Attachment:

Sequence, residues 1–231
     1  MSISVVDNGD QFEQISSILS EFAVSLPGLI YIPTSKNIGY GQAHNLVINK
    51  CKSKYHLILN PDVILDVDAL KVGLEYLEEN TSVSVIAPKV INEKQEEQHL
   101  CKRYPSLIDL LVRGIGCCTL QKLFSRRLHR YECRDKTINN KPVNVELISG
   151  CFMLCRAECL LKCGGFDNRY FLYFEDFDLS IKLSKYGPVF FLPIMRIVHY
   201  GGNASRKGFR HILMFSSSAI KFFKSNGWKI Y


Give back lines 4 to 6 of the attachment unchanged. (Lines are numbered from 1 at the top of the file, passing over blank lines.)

   101  CKRYPSLIDL LVRGIGCCTL QKLFSRRLHR YECRDKTINN KPVNVELISG
   151  CFMLCRAECL LKCGGFDNRY FLYFEDFDLS IKLSKYGPVF FLPIMRIVHY
   201  GGNASRKGFR HILMFSSSAI KFFKSNGWKI Y